When a shot is fired, the firearm leaves microscopic markings on the casing and on the projectile. This data can be converted into an image, which can be cross-compared against other ballistic evidences through our Ballistic Information Network (IBIN).
With over 1,800,000 records, IBIN provides a global platform for the centralized collection, storage and cross-comparison of ballistics data.
Matching up crimes across the globe
Ballistics data shared via IBIN has revealed links between gun-related crimes taking place thousands of miles away, providing valuable investigative leads for police.
Member countries are encouraged to follow the IBIN Search Protocol and to conduct international ballistic comparisons for all ballistic recoveries:
- Within 80 kilometres of international borders;
- By customs or border officials;
- From suspected traffickers of any type of contraband (drugs, documents, guns, etc.);
- Related to terrorist activities;
- From persons with a residence in another country.
Technology and access
We provide our member countries the secure network (IBIN) allowing them to share and compare ballistic data internationally.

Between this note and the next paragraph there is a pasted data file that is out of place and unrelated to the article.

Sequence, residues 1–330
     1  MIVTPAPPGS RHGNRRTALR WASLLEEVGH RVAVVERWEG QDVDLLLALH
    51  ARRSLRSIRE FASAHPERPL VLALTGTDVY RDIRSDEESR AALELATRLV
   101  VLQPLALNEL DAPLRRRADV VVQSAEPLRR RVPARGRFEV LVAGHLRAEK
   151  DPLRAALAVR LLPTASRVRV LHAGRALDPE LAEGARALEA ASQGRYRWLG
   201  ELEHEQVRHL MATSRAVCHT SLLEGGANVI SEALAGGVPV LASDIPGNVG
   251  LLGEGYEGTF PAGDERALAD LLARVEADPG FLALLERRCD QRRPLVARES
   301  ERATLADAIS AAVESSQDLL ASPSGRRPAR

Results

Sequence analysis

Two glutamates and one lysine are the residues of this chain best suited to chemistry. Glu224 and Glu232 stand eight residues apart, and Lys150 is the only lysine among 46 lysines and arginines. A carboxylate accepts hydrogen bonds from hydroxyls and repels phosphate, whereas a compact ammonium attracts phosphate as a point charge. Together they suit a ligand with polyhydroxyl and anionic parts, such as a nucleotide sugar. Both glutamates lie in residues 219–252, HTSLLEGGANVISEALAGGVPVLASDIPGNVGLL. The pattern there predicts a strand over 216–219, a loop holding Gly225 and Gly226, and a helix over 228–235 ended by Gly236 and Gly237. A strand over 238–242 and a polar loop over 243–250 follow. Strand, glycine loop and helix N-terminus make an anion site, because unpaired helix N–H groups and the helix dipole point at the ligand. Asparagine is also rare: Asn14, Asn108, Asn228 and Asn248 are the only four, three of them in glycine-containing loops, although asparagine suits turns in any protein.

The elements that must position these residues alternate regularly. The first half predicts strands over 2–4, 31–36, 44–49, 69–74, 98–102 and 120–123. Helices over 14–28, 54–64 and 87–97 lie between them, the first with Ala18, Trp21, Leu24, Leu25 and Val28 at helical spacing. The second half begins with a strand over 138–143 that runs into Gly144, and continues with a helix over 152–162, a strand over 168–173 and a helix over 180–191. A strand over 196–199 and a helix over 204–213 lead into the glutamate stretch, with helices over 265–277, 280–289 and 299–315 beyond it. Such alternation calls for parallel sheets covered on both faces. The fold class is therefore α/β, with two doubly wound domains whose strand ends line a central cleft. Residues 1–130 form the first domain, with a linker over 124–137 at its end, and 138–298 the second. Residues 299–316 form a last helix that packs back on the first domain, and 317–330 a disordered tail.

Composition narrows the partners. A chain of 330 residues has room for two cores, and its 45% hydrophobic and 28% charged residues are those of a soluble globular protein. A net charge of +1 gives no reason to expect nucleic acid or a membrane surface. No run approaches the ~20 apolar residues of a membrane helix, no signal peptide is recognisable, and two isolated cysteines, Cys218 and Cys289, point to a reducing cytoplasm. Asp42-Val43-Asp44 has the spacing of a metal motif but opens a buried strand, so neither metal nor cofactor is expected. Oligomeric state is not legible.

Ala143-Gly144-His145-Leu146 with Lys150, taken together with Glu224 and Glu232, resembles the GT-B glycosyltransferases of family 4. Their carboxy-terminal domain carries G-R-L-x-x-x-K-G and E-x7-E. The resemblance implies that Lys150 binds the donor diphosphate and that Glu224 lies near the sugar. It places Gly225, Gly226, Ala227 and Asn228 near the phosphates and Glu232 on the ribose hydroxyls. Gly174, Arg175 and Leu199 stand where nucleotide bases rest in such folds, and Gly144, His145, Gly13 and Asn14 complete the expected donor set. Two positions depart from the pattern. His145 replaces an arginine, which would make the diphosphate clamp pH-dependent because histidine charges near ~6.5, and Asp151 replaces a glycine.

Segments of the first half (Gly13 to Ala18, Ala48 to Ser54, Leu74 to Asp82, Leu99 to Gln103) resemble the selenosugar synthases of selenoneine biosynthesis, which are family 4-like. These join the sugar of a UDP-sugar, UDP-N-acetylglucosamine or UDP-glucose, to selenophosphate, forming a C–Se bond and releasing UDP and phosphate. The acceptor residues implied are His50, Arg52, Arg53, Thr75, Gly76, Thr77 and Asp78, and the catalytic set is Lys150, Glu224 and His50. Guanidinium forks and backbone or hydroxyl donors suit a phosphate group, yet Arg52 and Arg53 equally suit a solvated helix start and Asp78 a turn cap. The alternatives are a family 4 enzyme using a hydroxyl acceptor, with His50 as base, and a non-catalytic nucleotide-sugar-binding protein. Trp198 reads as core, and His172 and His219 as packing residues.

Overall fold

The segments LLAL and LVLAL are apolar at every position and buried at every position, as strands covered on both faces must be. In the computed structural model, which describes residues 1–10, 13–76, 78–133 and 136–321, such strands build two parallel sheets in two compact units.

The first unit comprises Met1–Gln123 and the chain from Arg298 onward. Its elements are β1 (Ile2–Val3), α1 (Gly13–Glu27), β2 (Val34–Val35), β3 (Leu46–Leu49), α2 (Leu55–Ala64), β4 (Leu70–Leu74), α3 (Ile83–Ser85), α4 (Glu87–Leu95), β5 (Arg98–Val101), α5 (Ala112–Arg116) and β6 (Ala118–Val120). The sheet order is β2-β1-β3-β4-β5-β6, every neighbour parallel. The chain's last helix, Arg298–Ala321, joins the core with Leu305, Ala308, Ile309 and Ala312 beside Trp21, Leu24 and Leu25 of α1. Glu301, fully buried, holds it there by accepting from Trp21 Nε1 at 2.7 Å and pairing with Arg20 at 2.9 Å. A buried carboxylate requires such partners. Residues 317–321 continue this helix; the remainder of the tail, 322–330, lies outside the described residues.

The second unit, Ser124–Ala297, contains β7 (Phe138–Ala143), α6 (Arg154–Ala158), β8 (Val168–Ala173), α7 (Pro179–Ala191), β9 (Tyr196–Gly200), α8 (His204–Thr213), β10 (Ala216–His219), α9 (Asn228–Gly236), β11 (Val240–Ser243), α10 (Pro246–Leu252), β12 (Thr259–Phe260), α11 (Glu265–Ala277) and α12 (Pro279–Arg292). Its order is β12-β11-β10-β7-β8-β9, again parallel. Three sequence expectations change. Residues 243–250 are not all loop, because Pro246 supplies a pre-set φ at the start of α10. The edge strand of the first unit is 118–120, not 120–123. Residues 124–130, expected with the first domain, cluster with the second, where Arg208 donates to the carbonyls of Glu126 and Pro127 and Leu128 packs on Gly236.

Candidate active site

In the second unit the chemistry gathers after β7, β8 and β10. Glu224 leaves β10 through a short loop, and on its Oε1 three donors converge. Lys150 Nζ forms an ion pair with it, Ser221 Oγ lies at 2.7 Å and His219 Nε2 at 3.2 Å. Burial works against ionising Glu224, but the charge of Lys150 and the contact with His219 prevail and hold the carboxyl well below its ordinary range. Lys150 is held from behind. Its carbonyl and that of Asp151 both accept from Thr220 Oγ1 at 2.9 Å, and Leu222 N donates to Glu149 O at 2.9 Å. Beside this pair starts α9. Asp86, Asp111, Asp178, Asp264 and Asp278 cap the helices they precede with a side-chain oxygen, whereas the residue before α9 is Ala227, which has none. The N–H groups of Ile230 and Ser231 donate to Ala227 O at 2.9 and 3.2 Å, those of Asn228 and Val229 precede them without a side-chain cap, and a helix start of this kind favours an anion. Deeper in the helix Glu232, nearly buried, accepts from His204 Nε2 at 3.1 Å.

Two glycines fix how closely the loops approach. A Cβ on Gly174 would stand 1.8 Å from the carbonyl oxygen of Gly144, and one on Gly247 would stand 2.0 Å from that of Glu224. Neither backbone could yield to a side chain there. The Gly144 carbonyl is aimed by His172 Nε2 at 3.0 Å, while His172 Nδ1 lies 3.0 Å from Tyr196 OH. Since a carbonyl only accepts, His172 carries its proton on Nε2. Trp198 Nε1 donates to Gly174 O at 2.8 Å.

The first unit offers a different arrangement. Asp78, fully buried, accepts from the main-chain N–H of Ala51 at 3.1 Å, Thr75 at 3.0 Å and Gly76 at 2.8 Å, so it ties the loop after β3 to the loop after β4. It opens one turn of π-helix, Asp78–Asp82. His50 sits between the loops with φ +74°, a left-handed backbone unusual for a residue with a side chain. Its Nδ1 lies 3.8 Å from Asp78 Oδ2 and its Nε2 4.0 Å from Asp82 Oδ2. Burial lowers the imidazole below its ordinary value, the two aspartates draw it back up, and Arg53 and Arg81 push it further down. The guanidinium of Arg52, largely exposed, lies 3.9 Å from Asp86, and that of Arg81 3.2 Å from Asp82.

How IBIN works
Using IBIS® technology captures, IBIN captures digital images of the unique microscopic markings that are found on fired bullets and cartridge cases. Law enforcement officers can then extract an electronic signature from each image, which is compared against the database of previously entered images.
The system provides potential matches (hits) that may link two or more crimes or a suspect’s gun to prior crime(s). As a result, forensic experts can provide police with more timely information to help solve and prevent crimes.
Access for non-IBIN members
Law enforcement agencies from non-IBIN member countries can benefit from IBIN’s international ballistics database by contacting the INTERPOL General Secretariat through their respective INTERPOL National Central Bureau.
For more information, please contact the INTERPOL Firearms Programme.